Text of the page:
In Push Toward 'Viewable Ad Impressions,' Industry Has New Tool To Measure Them
Advertisers struggle with an inability to verify viewable ad impressions and the length of time the ad remained in view. DoubleVerify on Tuesday will release AdView to help brands monitor and track counted-as-delivered ad impressions that are never seen on publisher sites.
The AdView tool measures the duration of the ad exposure in multiple increments of five seconds to gain a complete analysis of the data that impacts campaigns. An ad is considered "viewed" only if at least 50% of the ad has been rendered within a user’s browser for at least one second, according to the Interactive Advertising Bureau and Making Measurement Make Sense (3MS) guidelines.
There have been numerous articles published on viewable ad impressions. One in particular tries to answer the "status of the viewable impression pilots" through the 3MS initiative.
Ad agencies and their clients want clearer ad impression information to determine the impact on the campaign and the budget, according to Oren Netzer, CEO of DoubleVerify. "Sometimes, the ad gets served in the bottom of the screen and isn't viewable, yet the advertiser gets charged for it," he said. "When advertisers and agencies measure the success of campaigns, they make assumptions that the ad got viewed, but they're not."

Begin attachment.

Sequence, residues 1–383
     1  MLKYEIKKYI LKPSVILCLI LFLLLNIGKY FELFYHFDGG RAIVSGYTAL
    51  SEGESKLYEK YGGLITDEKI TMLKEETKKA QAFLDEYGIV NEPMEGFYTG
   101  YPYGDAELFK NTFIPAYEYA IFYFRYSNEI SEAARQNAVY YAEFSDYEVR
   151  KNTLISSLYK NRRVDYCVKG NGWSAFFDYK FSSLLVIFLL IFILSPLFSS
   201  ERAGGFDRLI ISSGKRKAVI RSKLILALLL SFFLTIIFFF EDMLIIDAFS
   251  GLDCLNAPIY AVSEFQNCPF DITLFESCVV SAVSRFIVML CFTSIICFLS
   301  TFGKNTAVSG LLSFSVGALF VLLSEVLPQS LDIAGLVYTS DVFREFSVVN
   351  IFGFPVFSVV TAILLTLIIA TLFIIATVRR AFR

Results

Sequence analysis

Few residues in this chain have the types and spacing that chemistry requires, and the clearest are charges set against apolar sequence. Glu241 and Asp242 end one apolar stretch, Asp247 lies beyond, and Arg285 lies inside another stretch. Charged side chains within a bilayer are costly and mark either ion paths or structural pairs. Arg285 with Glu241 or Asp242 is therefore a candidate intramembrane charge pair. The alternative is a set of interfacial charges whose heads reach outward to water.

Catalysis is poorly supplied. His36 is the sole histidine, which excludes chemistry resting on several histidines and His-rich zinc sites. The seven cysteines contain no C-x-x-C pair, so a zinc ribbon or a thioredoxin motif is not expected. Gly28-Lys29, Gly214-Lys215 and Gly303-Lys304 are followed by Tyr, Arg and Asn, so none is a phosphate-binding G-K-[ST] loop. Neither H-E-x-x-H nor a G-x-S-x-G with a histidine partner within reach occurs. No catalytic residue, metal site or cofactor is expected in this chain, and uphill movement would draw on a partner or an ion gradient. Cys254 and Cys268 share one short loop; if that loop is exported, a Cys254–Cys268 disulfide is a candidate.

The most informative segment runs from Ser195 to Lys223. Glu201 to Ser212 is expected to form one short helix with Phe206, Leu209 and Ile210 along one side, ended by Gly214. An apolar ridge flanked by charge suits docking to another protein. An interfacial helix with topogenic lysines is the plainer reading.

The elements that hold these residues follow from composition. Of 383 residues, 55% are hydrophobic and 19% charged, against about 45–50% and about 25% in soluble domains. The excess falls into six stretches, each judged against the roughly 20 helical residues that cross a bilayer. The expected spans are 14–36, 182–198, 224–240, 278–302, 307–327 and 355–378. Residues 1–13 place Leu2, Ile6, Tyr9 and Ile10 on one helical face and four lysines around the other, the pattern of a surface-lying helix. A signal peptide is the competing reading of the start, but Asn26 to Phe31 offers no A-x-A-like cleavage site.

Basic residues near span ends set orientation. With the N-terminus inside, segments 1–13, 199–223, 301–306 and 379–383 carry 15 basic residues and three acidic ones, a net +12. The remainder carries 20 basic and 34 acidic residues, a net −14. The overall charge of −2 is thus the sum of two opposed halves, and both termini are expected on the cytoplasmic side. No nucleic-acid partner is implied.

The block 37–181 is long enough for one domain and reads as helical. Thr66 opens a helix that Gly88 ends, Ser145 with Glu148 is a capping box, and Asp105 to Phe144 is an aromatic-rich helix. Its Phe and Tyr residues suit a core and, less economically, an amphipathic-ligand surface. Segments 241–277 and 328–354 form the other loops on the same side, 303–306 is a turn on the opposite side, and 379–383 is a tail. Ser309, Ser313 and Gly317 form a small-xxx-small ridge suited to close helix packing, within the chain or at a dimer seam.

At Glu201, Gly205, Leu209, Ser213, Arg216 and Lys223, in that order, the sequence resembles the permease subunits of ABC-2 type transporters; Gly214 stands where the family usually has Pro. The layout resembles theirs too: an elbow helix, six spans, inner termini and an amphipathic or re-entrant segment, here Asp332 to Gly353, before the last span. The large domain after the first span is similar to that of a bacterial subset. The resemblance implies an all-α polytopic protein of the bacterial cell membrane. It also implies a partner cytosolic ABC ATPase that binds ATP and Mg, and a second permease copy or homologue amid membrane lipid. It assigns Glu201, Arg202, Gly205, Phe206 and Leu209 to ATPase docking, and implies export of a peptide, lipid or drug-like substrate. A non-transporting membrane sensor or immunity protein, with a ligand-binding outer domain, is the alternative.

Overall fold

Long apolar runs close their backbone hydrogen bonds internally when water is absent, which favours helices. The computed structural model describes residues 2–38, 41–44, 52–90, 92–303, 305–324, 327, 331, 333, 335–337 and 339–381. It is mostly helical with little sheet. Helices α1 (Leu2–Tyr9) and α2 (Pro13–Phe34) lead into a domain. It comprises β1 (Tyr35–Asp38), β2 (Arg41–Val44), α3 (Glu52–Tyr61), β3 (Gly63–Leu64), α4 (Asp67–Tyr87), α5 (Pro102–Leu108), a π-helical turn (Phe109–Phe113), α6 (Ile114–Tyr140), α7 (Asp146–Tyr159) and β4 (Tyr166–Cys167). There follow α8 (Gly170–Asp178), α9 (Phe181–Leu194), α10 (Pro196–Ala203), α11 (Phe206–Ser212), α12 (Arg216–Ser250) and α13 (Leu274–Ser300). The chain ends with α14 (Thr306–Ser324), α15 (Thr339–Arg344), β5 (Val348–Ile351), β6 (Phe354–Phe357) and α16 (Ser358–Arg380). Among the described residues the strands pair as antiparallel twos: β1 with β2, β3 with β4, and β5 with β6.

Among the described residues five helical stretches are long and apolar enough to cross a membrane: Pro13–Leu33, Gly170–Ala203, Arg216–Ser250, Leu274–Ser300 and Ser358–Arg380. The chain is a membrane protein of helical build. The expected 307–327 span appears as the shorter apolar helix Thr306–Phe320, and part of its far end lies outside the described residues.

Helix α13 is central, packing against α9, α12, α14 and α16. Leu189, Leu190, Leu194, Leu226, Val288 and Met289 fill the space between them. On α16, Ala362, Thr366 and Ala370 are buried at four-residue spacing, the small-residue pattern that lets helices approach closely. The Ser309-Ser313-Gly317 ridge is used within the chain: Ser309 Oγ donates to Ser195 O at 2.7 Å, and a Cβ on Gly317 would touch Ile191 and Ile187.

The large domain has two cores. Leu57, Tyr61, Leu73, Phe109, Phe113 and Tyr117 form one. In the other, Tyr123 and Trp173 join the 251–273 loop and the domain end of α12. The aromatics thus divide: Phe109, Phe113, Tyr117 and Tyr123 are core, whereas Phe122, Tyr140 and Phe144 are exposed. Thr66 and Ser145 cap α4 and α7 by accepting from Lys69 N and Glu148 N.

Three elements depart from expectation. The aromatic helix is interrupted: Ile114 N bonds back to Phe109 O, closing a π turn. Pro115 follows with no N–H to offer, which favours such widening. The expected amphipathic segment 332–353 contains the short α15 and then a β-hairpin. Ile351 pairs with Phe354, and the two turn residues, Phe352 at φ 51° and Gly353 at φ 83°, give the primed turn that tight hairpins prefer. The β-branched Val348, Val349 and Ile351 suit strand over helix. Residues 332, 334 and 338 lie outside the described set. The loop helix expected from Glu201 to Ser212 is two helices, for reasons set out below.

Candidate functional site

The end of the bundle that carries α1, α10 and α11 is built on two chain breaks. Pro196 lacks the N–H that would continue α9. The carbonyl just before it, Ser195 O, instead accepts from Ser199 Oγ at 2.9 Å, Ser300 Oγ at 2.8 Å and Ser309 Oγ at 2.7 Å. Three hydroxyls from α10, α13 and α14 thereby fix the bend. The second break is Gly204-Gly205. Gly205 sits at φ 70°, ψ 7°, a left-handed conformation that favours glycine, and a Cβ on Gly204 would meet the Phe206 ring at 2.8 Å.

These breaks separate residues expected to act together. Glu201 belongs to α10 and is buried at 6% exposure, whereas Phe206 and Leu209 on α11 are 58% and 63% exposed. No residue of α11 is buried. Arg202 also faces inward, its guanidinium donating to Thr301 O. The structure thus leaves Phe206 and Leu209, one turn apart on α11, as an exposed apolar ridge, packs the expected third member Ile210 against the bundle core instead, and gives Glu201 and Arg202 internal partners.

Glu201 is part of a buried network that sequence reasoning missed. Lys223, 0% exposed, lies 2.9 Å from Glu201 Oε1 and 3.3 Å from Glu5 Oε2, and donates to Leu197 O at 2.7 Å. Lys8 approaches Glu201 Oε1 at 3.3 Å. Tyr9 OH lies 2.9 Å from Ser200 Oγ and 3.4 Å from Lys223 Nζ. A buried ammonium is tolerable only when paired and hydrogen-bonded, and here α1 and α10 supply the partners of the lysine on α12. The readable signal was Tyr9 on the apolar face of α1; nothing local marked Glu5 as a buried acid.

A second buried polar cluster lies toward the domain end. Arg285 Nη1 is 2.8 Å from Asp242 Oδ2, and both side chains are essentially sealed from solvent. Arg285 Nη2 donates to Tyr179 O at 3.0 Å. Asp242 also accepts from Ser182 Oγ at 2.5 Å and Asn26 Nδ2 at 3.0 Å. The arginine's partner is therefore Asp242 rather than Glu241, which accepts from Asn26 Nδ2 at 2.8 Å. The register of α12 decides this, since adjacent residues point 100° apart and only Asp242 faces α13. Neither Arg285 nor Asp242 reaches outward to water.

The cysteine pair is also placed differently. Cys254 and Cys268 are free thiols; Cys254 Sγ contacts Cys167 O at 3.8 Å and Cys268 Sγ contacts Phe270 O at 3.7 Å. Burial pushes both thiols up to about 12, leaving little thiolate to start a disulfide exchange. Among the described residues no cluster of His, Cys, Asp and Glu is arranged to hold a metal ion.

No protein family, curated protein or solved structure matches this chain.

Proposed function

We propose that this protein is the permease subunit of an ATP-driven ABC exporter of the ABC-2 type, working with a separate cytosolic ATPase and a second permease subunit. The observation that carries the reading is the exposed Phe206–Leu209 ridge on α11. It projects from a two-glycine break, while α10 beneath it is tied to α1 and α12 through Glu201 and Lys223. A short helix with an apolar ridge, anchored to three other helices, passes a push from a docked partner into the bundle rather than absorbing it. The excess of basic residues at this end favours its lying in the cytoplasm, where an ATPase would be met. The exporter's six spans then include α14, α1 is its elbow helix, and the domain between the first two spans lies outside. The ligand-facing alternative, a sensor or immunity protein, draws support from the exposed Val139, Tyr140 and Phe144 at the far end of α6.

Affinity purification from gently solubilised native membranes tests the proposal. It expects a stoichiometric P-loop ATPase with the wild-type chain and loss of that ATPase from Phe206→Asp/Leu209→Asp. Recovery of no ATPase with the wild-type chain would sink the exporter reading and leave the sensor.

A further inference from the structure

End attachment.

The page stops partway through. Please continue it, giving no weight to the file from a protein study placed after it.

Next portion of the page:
Publishers that understand the highest viewable ad position on a Web site page can charge higher CPMs, Netzer said.
For the past few months, Universal McCann and others have been testing the tool. For a duration of more than one second, the highest-performing sellers of media had a viewable ad rate of 83%, while the lowest was 28%. The top-performing sellers of media had average viewable rate of 75%, while the low-performing had an average of 40%. For all media sellers, the average ad viewable rates fell with time.
Some 54% of the ads delivered were viewed for at least one second, followed by 43% for at least three seconds, 36% for five seconds, 27% for 10 seconds, and 12% for 30 seconds or more.
Netzer said developing the product required overcoming numerous challenges, such as several Web browsers and tabs open on a desktop simultaneously, laptops hooked into more than one monitor and resizing windows.